May 17, 2009

Ewing Sarcoma of the Pelvis

Figures 1 & 2: Coronal reformatted CT images of the pelvis of a 16-year-old man show a large heterogeneous soft tissue mass (arrows) involving the right iliac bone. The mass is enhanced and contains ring and arc calcifications. Note lytic lesions in the lumbar vertebral body (arrowhead).
Figure 3: Anterior bone scan image of the pelvis shows focal increased uptake in the right iliac bone and L4 vertebral body, corresponding with findings on the CT scan.

  • First described by Ewing in 1921
  • Family of small round cell neoplasms including: 'classic' Ewing sarcoma of bone, extraskeletal Ewing sarcoma, small cell tumor of thoracopulmonary region (Askin tumor), and soft tissue-based primitive neuroectodermal tumors (PNET).
  • Currently believed to be due to spontaneous genetic transolocation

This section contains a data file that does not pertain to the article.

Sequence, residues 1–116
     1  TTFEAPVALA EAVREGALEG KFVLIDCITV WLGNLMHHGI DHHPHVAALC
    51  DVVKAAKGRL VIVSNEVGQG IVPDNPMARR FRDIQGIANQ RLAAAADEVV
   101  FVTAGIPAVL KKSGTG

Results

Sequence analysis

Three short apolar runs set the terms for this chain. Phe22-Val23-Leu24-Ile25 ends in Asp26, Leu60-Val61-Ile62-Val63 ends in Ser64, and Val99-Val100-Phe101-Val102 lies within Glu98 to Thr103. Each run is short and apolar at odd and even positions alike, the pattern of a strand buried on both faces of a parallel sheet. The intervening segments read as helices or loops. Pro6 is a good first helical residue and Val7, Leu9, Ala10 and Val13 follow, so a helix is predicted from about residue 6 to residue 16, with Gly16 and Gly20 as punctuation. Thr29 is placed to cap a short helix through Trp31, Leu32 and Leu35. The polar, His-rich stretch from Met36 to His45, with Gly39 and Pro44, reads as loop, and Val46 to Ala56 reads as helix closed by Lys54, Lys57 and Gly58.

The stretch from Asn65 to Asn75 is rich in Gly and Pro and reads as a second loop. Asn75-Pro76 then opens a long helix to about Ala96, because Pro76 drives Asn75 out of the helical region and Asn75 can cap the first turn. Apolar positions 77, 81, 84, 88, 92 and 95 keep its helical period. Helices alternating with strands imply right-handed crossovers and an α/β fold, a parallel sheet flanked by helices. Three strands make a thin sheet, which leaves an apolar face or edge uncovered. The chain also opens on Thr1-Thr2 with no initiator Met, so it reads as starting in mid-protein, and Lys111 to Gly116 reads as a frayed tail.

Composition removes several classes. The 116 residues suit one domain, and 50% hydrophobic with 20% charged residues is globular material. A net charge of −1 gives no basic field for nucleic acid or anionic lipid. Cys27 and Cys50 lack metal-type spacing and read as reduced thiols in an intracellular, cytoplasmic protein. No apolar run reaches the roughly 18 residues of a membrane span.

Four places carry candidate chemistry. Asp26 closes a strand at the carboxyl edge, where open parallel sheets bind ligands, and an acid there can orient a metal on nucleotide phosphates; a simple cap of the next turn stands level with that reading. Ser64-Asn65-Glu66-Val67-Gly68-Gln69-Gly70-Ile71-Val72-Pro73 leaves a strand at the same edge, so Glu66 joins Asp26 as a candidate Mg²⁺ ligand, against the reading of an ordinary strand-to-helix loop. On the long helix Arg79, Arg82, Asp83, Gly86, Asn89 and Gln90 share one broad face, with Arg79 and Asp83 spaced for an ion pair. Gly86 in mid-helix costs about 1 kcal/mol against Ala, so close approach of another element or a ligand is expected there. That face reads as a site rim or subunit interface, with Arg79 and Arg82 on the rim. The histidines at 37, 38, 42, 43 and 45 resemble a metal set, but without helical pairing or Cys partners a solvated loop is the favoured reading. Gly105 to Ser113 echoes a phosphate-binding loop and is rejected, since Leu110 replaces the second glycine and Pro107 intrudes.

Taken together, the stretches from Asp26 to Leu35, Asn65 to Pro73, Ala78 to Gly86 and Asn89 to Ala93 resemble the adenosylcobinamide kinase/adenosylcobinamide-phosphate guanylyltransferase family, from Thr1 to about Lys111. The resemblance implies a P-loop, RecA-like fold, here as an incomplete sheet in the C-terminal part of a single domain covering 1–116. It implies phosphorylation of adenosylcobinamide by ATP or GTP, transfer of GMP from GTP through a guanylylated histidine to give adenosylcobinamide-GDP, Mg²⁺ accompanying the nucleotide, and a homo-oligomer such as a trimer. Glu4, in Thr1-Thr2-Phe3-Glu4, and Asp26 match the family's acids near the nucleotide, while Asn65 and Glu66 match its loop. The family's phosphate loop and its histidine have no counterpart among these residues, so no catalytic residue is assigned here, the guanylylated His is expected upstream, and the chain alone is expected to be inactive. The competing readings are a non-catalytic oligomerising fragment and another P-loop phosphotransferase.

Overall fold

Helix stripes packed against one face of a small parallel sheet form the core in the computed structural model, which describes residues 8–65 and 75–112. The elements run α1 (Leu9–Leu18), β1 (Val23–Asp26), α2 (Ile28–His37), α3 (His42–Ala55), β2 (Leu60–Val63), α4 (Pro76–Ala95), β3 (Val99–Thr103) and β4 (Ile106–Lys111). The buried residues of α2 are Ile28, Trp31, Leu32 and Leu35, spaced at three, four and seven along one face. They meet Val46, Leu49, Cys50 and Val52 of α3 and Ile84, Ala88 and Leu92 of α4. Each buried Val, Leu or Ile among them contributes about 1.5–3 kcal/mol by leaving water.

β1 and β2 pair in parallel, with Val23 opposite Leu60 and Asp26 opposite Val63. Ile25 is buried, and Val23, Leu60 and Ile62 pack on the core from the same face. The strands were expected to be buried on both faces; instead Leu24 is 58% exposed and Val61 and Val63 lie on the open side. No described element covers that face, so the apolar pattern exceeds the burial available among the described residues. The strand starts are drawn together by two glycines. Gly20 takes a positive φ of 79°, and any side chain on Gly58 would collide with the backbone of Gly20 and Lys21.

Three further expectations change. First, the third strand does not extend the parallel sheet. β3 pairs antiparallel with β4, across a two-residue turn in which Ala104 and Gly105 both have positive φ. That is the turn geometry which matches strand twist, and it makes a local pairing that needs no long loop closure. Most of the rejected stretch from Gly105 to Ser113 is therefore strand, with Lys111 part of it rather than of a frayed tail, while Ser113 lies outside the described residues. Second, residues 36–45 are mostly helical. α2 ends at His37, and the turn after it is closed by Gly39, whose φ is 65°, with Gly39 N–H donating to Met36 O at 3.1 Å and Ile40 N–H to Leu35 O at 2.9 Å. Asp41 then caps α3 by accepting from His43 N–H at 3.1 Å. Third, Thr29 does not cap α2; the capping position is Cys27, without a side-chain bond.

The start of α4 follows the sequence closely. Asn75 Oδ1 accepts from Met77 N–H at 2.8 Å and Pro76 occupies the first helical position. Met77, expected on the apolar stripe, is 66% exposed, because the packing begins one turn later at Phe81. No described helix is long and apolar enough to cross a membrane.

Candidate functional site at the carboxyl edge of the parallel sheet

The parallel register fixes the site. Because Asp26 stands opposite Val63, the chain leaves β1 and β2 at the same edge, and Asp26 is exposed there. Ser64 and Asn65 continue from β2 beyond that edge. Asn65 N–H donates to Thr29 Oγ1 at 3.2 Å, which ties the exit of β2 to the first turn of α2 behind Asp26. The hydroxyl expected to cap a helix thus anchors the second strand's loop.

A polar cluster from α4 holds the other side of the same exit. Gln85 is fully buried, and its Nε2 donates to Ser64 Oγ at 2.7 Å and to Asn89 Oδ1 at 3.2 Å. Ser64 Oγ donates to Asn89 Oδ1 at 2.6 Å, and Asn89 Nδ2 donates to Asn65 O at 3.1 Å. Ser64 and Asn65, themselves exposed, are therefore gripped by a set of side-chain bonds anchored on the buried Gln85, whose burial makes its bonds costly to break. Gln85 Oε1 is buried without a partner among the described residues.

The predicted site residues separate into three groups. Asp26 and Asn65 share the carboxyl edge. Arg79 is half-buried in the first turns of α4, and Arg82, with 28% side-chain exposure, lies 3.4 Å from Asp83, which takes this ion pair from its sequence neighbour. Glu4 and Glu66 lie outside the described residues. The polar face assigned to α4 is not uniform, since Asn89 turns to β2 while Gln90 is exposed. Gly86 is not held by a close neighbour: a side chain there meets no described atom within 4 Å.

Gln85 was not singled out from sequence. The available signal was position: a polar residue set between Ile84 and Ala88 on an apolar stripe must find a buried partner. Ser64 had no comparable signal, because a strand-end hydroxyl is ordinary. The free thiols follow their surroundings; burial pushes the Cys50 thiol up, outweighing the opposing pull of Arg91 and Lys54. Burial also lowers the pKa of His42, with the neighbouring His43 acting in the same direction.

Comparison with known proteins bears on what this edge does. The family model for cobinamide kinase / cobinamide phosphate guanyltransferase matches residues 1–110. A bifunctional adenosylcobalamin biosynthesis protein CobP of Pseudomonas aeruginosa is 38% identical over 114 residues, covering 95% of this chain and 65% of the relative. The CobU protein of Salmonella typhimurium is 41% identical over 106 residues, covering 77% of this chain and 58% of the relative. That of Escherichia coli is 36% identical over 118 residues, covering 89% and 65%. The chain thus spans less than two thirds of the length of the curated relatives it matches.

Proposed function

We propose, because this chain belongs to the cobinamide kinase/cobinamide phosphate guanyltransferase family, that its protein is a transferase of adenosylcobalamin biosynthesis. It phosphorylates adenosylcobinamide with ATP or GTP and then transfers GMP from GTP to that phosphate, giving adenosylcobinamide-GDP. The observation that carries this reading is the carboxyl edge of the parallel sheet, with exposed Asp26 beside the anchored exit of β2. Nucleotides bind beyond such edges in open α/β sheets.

• Second most common bone cancer in adolescents and young adults (after osteosarcoma)
  • 5-20 years old, male slightly more than female
  • Whites much more common than Asians or Africans

Imaging Appearance
  • Permeative lytic lesion with soft tissue components
  • Ring and arc calcifications (chondroid matrix)
  • Codman triangle or onion multi-layered periosteal reaction
  • Common locations: pelvic bones (26%), femur (20%), tibia/fibula (18%), chest wall (16%)
  • In long bone, diaphysis > metaphysis
  • Increased uptake on bone scan
  • Aim to distinguish localized disease from metastatic disease
  • MRI +/- CT of the lesion
  • Chest CT to look for pulmonary metastasis
  • Whole body bone scan or PET
  • Bone marrow biopsy or MRI of the spine
  • Tumor at nonaxial skeleton primary site, age <>
Our case: Ewing sarcoma with bone metastases

Ludwig JA. Ewing sarcoma: historical perspectives, current state-of-the-art, and opportunities for targeted therapy in the future. Curr Opin Oncol 2008; 20:412-418.

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